gay

Who Should LGBT+ People Vote For?

General Election fever is in full-swing. Different areas of society are being urged, swayed and pleaded with to vote a certain why. With that in mind, who should the LGBT+ citizens of the United Kingdom be voting for next month? Labour? The Lib Dems? The Greens? The major seven UK parties are all very different on their vision for the next steps in LGBT+ equality and here’s why;

The en vogue parties in the LGBT+ community right now are without a doubt the Labour party and the Green party, with the latter soaring in support from gay, bisexual and transgender people. In fact, just this week Peter Tatchell called out for us to vote Green next month to further the agenda of equality. Now, I have looked at the Green party manifesto and everything they want to do for the LGBT+ community is nice, fluffy and genuinely quite lovely, but too typically of them – vapid. There is very little substance to what they specifically would do to help those in the LGBT+ community. Bar misleading claims that Caroline Lucas was the one that drove the Marriage (Same-Sex Couples) Act through the last parliament, the Greens actually have a weak case for the gay vote.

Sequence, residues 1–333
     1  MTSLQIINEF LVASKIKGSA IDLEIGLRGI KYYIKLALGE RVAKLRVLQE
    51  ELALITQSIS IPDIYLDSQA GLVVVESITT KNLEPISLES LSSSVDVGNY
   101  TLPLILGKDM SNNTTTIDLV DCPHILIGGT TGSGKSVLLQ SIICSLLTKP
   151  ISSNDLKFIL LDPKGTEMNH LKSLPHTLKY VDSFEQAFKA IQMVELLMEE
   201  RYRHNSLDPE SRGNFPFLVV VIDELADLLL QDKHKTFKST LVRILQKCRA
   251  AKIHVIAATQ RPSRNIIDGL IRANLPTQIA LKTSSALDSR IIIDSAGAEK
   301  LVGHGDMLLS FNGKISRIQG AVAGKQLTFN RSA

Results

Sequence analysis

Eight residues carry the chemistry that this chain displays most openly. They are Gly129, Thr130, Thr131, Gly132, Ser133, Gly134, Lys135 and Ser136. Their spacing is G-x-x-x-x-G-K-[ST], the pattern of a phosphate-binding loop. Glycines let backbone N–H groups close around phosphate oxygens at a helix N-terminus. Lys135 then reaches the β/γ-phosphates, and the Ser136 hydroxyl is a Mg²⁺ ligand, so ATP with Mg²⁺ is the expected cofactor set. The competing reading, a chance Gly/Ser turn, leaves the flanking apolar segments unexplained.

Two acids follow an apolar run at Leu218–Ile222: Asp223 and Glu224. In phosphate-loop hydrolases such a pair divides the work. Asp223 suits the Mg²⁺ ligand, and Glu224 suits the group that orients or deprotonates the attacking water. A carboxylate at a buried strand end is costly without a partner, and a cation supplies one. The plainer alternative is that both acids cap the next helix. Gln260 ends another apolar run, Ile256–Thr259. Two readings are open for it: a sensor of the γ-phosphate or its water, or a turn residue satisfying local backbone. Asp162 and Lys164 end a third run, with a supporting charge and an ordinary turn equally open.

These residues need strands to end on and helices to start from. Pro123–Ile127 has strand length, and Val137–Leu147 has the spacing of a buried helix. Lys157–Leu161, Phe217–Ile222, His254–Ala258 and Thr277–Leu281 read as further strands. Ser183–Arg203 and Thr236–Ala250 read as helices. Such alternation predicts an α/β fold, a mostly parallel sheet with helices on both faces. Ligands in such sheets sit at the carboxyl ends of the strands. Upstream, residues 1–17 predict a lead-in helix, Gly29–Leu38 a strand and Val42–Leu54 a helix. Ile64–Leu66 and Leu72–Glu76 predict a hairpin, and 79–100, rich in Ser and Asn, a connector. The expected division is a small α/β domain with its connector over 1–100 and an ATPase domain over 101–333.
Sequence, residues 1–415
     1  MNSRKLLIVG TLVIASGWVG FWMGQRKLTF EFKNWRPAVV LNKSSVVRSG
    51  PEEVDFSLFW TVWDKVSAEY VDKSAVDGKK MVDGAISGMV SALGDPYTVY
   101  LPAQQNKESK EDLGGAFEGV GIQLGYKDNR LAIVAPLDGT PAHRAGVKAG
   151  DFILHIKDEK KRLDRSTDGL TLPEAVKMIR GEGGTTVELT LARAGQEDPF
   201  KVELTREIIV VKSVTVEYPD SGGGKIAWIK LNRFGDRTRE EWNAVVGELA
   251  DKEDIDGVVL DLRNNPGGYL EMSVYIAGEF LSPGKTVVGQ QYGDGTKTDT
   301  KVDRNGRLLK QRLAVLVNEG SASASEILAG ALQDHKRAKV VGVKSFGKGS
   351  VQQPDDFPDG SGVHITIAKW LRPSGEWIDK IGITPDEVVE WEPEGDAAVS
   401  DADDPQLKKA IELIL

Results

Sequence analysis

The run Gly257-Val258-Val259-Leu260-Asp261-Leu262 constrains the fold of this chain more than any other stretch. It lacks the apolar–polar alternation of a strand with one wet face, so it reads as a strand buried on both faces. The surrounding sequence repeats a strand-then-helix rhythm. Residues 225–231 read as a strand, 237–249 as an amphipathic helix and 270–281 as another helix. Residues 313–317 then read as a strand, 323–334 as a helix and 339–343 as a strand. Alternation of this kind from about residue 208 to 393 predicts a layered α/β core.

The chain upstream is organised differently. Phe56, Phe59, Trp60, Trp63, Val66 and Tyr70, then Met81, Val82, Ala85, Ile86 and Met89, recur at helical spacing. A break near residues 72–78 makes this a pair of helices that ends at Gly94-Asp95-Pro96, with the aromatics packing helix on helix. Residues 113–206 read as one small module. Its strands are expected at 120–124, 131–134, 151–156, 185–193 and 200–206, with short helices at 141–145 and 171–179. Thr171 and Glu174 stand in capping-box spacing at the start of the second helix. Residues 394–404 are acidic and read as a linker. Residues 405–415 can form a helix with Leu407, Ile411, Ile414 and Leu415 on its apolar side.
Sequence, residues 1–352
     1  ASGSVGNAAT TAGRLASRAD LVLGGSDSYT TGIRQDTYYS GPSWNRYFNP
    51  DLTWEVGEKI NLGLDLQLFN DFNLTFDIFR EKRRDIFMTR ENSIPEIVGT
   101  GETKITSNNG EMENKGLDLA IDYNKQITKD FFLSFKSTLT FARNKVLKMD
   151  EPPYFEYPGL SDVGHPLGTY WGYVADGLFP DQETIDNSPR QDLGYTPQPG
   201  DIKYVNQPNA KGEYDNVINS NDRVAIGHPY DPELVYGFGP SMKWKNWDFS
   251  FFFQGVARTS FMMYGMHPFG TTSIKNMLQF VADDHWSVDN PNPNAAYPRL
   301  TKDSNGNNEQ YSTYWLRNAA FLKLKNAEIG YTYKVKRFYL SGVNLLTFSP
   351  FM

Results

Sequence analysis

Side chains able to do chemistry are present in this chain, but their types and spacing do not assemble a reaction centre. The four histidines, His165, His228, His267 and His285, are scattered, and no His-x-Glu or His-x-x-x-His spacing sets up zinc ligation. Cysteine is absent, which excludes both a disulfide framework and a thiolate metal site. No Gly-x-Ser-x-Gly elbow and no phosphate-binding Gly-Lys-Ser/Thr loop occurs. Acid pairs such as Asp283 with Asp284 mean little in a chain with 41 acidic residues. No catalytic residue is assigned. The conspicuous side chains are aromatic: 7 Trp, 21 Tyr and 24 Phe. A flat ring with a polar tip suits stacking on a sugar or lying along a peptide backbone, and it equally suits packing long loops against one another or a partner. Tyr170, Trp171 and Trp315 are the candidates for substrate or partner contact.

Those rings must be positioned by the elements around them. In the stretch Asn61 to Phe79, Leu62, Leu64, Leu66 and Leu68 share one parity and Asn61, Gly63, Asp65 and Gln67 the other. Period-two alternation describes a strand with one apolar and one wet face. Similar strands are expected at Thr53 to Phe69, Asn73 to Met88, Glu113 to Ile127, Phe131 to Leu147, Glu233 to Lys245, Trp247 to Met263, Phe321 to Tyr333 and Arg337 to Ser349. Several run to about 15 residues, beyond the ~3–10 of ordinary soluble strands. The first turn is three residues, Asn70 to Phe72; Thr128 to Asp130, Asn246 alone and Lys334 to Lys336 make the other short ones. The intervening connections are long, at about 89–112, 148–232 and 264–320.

The Labour party are also being touted as champions of LGBT+ rights, despite failing to place Marriage Equality in their 2010 manifesto and even this year their offer is very slim too, only outlining an LGBT Rights Envoy to promote human rights internationally – a good idea but ultimately, it’s not a lot. Plaid Cymru make a positive contribution in their manifesto and are probably the second best choice in this election – with a clear strategy to tackle specific acts of LGBT+ discrimination in many different areas. Their nationalist counterparts the SNP are surprisingly quiet on the subject. In spite of being on the social left; they offer nothing more than an a mirror of Labour’s international ambassador plan. Unsurprisingly, the Conservatives, who probably think the work for LGBT+ equality is done with the passing of same-sex marriage under Cameron’s premiership, offer absolutely nothing specific in their manifesto. UKIP are similarly mute, they haven’t even pledged to increase homosexual activity during drought season. Apparently Farage’s “people’s army” is “not driven by the needs of differing special interests groups”. I guess his is a heterosexual people’s army instead.